A Message from the President:
October 16, 2019
A few weeks ago, I was elected President of the Central Texas Trail Tamers Board of Directors. Following some of the greats in CTTT history makes me proud to take on this task. I am enthusiastic about leading an organization for which I have such high esteem. I was elected during a time when the Trail Tamers are needed more than ever by our host organizations, but also during a time when recruiting volunteer trail workers seems increasingly difficult. Our membership is smaller and our bank accounts are lower than in years past. I am determined to make this a low point in our history rather than an end point.
We have been a proudly independent organization. We are self-supporting and have never charged a dime for the services we provide. Every penny we charge in trip fees goes to supporting our organization and the projects we undertake. We are probably completely unique in that respect compared to other organizations who do the kind of work we do. I wouldn’t change the essential character of the CTTT for the world. I believe we do need to do some things differently as an organization though. We build sustainable trails, but the organization has never been comfortably sustainable, even in the best of times. I believe we can make the changes we need because I believe we have the strengths necessary to do so. What strengths do we have you ask? Well, I have a few thoughts on that. Please read the little essay below. You will be glad you did.
The Value of an All- Volunteer, Self-Supporting Trail Tamer Crew
When a Trail Tamer crew shows up for a project, land managers see a group of volunteers who help them complete tasks that they simply don’t have the resources to do on their own. Trail Tamers are avid trail users ourselves. We enjoy and value nature. We usually have an interest in the specific region in which we work. We enjoy the sense of community and often develop a sense of responsibility to the natural areas we visit. We want to leave the world a better place than we found it. As individuals, we want to give back to the parks, forests preserves and refuges we love. We often believe in the mission of the host organization and the lands they manage. We have skills that are uncommon in today’s modern world. Completing a project or work day is inherently rewarding for us. We love to get dirty, build trails and have fun. That is just who we are, and land managers tend to understand that. We are perfect volunteers for them.
As we head home from a project, we often hear from our hosts that our work is invaluable. We bask in the appreciation and honestly, as individuals, we do this because like many volunteers, we love what we do. We don’t think much about the “real world” value of what we provide for the organizations and land managers we volunteer for. Truthfully, we shouldn’t be thinking about those things when we are out on projects. We get outside to get away from those concerns.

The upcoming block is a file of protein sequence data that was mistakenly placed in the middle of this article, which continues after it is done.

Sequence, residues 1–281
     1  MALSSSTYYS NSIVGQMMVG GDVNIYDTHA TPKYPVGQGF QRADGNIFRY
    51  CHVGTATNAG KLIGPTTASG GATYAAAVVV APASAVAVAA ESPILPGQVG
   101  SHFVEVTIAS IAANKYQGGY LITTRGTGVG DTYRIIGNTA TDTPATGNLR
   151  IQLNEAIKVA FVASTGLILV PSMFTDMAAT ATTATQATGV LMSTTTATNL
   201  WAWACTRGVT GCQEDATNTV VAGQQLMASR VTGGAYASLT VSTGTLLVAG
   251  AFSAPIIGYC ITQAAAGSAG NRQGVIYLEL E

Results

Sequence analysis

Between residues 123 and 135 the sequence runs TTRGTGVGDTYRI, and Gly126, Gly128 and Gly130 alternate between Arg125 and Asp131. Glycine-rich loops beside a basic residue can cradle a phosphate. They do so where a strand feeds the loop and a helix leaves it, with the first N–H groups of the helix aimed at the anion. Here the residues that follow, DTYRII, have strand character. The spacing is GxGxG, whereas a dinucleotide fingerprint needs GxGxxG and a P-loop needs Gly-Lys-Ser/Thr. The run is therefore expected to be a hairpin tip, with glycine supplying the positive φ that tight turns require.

When we get back home and face the reality of keeping an all-volunteer, self-supporting organization running, not to mention growing and thriving, understanding the value of what we do becomes more important. If we are to continue to do what we love, It is critical for us to understand our value and it is just as important for us to be able to communicate to others the value of what we do. Most of the organizations we volunteer for need to be able to accurately assess and report the value of the volunteer work we provide and I suspect that many of them under-report the in-kind amount for what we do.
So, lets take a look at what we provide from a purely economic standpoint.
The Trail Tamers own and bring all of our own tools and personal safety gear to every project. We maintain them and replace them as needed. Here is a list of things we bring to projects in amounts sufficient to support a crew of about 10 trail workers:
Safety Items and Personal Protection Gear: Hard Hats, Safety Glasses, Work Gloves, Closed toe and heel work boots, Dedicated First Aid Kit, Safety Vests, Sun Screen and bug spray. Ice chests and water barrels.
Surveying: Range Finder, Clinometer, 100 yard measuring tape, Surveying flags, Surveying tape, Trail condition and planning forms
Clearing and Brush Removal: Loppers, Hand Pruners Fire rake/McCloud, Hand Saws Pole Saw, Axe, Adz, Machete
Grubbing and Excavation: Pick Mattock, Short Handled Pick Mattock, Rogue Hoe/Hazel Hoe, Shovels – round point and square point, Diamond Point San Angelo Bar, Post Hole Tamper Bar, Pinch Point Pry Bar, Pulaski
Materials Transport: Canvas Buckets, Boulder Slings and Nets, 5-gallon buckets, Wheelbarrow, Boulder Cart/Log Dolly, GripHoist with cables, Amsteel come-along.
Compacting and Finishing: McLeod, Tamper, Rake, Shovels, Flat Hoe
Woodworking tools and Cement Mixing and setting tools as needed.
You can easily see that we bring well over $10,000 worth of tools to every project we work. If every organization had t buy their own, provide their own maintenance, storage and replacement costs, the sum would be quite substantial. We know one organization that makes their tools available to fire crews, and there is no better way to lose or destroy trail building tools than send them to a fire line. Having a private organization provide the tools necessary also saves administrative costs associated with inventory and acquisition, as well as labor for tool upkeep. Most of the organizations we work for don’t have trained trail workers who know what tools to buy either, so there is an expertise issue involved in providing adequate tools for the specified jobs. And… tools are far from the greatest value we bring.
Trained experienced, knowledgeable Trail Crews/Labor: Our trail crews have both didactic and field training and many of us have years of experience in trail building as well as associated trades or hobbies. Hiring crew leaders and trail hands with this level of experience or hiring a professional trail crew easily runs into 1,000s to 10,000s of dollars per week. Are we working on a weekend? Guess what? We just saved our hosts overtime pay as well.